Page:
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Good communication with 9-1-1 dispatcher key during emergency

Posted 8/10/2011   Updated 8/10/2011 Email story   Print story


375th Civil Engineer Squadron

8/10/2011 - Scott Air Force Base, Ill. -- One of the first and most important steps in an emergency is calling for assistance.
When reporting an emergency remain as calm as possible. If necessary, take a deep breath and try to speak clearly.

Immediately tell the 9-1-1 dispatcher the nature of your emergency and whether you need the police, fire or an ambulance. This is important since the dispatcher will transfer you to the appropriate agency.

Be prepared to provide the following information:
· Location of the emergency: provide a complete address to include the street name address and building number if available.
· Location you are calling from if different from the incident location.
· Name and call back telephone number.
· Details of the emergency (keep details short and to the point).
· If it is a medical emergency tell the dispatcher the condition of the subjects (sex, age, medical complaint or condition, are they breathing and conscious, any information on drugs or alcohol that may be in there system, allergies etc.)
· For fire emergencies: what is on fire? If it is the building/house you are calling from get out!
· Details, names, descriptions of any persons or vehicles involved in the incident.
· Any other information requested by the 9-1-1 dispatcher.

Follow any instructions given to you by the 9-1-1 dispatcher unless doing so would put yourself or others in danger. You may be required to administer life saving medical treatment or to remove yourself or others from a potentially dangerous situation. You might be asked to open or unlock your front door or wait for responding emergency personnel. Stay on the line until instructed to disconnect.

When faced with an emergency, every second counts and a few moments can seem like a lifetime when waiting for help. At times, the questions the dispatcher may ask you may seem unnecessary and unimportant. Keep in mind that these questions are necessary in order to provide the best course of action for your situation. Often, emergency personnel may already be responding while the 9-1-1 dispatcher still has you on the line. Be patient when you are asked to be placed on hold. The dispatcher may be dispatching the information via radio to the responding personnel.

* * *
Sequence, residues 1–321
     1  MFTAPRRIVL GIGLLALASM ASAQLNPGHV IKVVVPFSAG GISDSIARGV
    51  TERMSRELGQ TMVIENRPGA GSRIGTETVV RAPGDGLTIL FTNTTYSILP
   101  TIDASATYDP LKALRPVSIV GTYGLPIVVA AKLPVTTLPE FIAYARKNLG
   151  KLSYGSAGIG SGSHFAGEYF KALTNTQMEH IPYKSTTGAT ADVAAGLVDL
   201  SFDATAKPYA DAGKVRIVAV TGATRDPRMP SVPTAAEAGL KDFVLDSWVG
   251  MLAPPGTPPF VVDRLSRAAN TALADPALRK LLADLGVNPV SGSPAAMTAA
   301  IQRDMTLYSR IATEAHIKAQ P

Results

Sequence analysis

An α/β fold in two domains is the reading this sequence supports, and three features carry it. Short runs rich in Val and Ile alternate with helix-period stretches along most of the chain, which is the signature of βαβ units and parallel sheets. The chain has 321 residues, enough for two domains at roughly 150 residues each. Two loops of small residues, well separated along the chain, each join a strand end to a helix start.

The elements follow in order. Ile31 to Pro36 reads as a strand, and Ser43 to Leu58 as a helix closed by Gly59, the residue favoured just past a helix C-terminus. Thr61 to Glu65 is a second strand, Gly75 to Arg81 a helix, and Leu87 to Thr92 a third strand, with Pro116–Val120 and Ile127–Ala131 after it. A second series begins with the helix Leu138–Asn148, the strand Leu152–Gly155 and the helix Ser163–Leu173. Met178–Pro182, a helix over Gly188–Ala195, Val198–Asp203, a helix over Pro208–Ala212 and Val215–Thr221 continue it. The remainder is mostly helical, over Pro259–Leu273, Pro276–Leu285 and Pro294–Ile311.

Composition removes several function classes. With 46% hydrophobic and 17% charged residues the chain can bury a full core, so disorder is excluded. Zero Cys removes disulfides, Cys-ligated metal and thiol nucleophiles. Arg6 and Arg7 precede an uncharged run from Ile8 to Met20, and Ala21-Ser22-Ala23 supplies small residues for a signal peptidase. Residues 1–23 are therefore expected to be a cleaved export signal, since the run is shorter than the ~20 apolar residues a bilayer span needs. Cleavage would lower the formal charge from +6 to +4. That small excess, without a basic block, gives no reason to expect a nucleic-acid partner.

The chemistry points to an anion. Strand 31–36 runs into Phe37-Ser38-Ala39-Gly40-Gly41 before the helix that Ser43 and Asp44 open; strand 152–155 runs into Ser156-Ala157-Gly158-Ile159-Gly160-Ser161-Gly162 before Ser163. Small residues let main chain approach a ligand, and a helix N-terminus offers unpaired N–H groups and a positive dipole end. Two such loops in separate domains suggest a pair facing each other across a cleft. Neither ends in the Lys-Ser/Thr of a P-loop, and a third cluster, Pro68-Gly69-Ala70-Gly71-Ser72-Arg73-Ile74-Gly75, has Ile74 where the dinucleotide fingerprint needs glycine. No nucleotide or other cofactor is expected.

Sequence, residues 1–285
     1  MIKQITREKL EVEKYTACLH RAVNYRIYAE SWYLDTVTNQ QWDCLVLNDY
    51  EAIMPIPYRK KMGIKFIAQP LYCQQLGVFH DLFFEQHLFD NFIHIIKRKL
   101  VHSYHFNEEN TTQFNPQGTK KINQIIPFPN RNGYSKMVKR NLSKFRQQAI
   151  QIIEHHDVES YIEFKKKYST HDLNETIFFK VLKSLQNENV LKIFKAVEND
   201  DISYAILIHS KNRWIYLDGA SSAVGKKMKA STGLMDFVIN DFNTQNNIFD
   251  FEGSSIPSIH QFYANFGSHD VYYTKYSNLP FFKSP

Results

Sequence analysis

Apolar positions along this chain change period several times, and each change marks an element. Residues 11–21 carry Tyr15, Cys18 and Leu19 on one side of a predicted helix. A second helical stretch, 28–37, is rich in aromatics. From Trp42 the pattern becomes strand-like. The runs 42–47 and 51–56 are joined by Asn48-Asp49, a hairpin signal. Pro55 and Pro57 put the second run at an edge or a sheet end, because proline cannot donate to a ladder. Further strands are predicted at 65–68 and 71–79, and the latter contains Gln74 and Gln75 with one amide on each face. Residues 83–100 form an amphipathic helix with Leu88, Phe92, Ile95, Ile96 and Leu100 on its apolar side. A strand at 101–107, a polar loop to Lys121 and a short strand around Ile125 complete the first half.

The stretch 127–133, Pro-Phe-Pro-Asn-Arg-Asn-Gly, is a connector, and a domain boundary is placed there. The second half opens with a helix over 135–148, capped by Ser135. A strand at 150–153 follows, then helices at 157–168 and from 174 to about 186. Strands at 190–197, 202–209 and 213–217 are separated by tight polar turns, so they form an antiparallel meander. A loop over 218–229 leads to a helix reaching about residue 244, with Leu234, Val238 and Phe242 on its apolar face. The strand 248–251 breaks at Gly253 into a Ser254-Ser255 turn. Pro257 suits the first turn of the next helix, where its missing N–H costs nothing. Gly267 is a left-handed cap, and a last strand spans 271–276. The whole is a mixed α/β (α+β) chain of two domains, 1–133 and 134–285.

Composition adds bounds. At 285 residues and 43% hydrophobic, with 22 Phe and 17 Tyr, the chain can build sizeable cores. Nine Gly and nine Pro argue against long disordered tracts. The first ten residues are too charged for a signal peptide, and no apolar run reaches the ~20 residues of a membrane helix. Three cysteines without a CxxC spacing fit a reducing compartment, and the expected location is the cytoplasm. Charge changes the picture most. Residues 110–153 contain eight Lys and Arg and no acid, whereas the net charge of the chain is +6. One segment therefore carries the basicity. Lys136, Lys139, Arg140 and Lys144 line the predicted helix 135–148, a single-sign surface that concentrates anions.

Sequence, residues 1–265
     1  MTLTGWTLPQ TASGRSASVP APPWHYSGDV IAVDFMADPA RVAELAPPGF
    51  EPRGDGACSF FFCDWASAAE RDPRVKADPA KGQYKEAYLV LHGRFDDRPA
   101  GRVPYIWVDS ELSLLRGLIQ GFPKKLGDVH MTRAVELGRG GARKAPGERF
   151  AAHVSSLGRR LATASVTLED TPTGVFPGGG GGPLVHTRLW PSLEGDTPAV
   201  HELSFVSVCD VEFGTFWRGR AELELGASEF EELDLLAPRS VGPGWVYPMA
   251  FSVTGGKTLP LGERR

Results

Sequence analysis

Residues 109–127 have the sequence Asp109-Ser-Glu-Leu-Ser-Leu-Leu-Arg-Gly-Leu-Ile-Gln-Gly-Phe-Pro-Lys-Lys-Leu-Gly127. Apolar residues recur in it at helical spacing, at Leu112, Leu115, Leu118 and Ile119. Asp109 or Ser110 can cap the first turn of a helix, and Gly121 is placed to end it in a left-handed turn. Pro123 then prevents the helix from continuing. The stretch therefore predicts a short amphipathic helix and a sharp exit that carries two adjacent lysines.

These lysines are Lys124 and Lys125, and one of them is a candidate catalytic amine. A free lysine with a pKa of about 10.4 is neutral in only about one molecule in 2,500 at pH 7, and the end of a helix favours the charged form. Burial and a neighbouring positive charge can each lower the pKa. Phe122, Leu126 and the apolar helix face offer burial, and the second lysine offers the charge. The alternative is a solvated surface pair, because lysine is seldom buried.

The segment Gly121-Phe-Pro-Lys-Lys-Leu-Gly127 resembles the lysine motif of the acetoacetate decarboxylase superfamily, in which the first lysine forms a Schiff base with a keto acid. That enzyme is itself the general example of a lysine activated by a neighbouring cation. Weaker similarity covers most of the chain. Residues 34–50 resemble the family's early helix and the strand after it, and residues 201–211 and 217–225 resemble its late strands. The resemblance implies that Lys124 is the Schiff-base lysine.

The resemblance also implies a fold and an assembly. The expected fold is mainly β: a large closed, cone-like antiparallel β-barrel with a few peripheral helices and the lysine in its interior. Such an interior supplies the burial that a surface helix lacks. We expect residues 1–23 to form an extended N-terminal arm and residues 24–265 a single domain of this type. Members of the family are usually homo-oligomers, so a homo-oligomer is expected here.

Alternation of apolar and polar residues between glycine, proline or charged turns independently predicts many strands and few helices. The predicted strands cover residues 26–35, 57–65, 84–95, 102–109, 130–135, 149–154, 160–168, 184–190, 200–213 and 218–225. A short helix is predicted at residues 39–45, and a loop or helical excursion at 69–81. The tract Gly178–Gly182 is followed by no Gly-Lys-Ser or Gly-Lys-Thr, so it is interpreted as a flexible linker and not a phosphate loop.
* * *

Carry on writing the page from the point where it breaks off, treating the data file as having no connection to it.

Answer all questions honestly, directly and quickly. Do not embellish or fabricate information because you think it may accomplish a faster response. Reporting a false emergency or misuse of 9-1-1 is a crime and you may inadvertently prevent someone else from obtaining emergency assistance. You may also be placing an innocent party in danger or under unnecessary suspicion.

Try not to yell, use profanity or be discourteous to the 9-1-1 dispatcher. If you feel any emergency responder has treated you unfairly or unprofessionally, you have the right to file a complaint with their agency.

You may be faced with situation in which you are unable to remain on the 9-1-1 line to answer questions. If this is the case dial 9-1-1, provide as much information as possible and leave the line open until help arrives.

Meet or assign someone to meet arriving emergency responders for all reported emergencies to provide updates on the situation and clarify the location of the incident
Reminder, call 9-1-1 even if there is fire suppression/detection system activation; report all fires even if they have been extinguished.

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